Democratic Education is often classified as the most radical of all innovative educational concepts. Democratic schools are radical in the sense that their pupils are allowed to have complete control over their own learning process. In the Netherlands, the first democratic school opened its doors 12 years ago. Nowadays, there are around 15 democratic schools spread across the country. Among these are publicly funded and privately financed schools. The latter mentioned schools, don’t receive public funding, as they do not meet the state educational requirements (for example, privately financed schools do not use standardized tests, such as the CITO-tests to assess and monitor the results of their pupils).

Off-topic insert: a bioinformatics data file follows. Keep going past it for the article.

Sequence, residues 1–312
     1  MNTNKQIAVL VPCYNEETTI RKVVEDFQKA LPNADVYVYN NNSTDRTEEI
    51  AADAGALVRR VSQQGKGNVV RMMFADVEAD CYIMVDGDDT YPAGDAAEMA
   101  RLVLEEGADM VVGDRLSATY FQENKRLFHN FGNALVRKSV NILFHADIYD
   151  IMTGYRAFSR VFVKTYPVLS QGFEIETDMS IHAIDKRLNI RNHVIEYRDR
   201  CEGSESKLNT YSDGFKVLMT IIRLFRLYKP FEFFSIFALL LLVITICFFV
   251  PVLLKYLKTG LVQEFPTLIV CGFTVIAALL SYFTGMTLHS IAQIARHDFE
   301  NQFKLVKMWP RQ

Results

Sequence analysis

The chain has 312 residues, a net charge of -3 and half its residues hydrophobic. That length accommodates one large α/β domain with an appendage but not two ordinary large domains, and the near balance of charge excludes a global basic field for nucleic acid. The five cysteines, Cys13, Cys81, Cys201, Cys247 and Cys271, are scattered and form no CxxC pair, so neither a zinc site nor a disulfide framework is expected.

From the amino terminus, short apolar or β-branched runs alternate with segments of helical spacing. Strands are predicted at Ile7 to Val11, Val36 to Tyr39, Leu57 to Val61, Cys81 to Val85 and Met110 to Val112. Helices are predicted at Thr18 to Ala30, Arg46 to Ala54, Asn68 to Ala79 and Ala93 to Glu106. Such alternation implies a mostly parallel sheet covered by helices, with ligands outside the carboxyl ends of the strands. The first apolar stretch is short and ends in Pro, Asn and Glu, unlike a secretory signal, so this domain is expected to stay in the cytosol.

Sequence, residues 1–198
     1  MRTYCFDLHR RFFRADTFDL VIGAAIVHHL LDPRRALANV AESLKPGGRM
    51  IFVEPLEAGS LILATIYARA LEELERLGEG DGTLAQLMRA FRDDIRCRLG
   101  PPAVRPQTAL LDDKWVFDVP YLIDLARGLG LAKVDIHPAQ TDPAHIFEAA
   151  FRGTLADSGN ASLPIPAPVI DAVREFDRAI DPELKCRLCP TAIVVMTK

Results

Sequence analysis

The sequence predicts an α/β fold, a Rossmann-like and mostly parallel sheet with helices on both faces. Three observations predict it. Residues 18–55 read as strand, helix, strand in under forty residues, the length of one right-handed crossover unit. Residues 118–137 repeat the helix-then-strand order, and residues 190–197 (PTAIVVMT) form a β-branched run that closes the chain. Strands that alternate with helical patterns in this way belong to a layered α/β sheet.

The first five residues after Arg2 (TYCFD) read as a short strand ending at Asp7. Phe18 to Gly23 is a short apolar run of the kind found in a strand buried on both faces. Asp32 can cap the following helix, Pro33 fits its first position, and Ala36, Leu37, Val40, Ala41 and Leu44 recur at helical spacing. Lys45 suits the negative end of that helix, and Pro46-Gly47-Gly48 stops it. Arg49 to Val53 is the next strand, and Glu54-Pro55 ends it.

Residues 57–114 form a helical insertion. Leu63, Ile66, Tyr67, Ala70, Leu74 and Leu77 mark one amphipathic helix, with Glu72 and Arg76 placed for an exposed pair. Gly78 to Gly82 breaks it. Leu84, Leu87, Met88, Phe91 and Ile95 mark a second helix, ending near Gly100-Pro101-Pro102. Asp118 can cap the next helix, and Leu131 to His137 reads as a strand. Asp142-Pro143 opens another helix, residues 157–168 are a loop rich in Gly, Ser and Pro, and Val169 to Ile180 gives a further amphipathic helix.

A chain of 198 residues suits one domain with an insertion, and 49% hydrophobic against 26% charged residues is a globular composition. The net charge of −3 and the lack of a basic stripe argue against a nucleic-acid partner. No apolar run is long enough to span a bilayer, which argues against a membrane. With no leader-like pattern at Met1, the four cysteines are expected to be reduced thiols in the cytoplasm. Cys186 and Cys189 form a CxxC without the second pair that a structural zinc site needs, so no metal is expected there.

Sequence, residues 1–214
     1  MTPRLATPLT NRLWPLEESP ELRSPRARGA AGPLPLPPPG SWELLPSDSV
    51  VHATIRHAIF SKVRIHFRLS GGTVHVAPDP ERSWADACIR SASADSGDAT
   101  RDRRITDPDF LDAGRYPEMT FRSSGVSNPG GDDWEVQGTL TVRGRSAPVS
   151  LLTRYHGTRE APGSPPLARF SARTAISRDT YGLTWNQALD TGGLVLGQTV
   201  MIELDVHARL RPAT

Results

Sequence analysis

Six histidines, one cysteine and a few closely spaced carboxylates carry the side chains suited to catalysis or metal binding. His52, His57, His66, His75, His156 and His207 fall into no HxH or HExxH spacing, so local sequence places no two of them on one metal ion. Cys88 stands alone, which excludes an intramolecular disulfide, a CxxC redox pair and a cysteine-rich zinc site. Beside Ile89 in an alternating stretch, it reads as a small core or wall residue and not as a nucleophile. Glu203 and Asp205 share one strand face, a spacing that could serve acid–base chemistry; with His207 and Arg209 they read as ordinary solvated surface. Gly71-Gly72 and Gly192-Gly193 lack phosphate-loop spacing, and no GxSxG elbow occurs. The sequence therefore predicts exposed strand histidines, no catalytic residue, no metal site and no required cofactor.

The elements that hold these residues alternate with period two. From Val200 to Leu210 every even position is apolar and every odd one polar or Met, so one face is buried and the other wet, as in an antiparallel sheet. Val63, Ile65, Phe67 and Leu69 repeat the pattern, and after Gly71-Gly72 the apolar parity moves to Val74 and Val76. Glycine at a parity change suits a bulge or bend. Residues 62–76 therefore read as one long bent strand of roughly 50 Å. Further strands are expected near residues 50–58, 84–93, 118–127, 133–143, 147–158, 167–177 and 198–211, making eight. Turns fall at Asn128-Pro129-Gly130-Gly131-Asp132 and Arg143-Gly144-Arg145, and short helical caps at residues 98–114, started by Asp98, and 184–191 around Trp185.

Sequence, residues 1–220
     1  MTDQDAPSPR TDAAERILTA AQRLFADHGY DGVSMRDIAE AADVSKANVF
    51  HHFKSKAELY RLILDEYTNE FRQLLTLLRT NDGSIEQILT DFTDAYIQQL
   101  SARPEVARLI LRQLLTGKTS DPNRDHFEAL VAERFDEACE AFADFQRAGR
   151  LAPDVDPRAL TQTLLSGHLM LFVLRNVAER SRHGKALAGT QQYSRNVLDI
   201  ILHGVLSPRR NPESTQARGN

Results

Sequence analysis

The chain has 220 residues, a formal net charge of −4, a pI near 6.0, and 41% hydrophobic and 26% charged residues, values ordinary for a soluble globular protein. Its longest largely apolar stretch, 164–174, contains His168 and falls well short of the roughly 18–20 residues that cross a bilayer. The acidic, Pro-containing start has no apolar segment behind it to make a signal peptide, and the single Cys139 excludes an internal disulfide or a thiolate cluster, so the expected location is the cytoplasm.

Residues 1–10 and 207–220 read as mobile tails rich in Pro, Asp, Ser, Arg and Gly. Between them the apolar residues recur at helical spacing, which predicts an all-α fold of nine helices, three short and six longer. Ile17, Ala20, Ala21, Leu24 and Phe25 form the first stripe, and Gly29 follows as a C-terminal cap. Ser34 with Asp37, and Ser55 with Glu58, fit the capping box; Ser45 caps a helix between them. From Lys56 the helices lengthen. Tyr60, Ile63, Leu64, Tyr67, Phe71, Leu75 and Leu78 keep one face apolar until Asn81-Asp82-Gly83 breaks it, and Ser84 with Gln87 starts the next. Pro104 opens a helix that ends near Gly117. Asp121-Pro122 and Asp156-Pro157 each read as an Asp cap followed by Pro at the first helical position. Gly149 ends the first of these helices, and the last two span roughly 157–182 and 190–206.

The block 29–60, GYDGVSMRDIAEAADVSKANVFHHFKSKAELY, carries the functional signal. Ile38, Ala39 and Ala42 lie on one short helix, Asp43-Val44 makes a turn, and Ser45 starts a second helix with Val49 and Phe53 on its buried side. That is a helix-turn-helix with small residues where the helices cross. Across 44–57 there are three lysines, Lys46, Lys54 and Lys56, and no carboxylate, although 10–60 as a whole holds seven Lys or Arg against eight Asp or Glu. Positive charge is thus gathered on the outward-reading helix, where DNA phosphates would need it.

This group of privately financed democratic schools can be divided into two groups: sociocratic schools and Sudbury schools. Sociocratic schools use a sociocratic model, that ensures that pupils, teachers and parents have an equal say in organizing education and/or the design of the curriculum (according to a consensus-based model) for their school. Sudbury schools are another type of privately financed democratic schools, where pupils have full responsibility for their own learning processes. These schools are governed by a school board (consisting of school staff and pupils), and operate based on a democratic model.

Are you curious how this educational concept is applied in daily practice in Dutch primary schools and whether it would be suited to your own child? What are the differences between democratic schools and Dutch traditional primary schools? You can read more about this in de Keuzegids Basisonderwijs, which you can download for free on this website.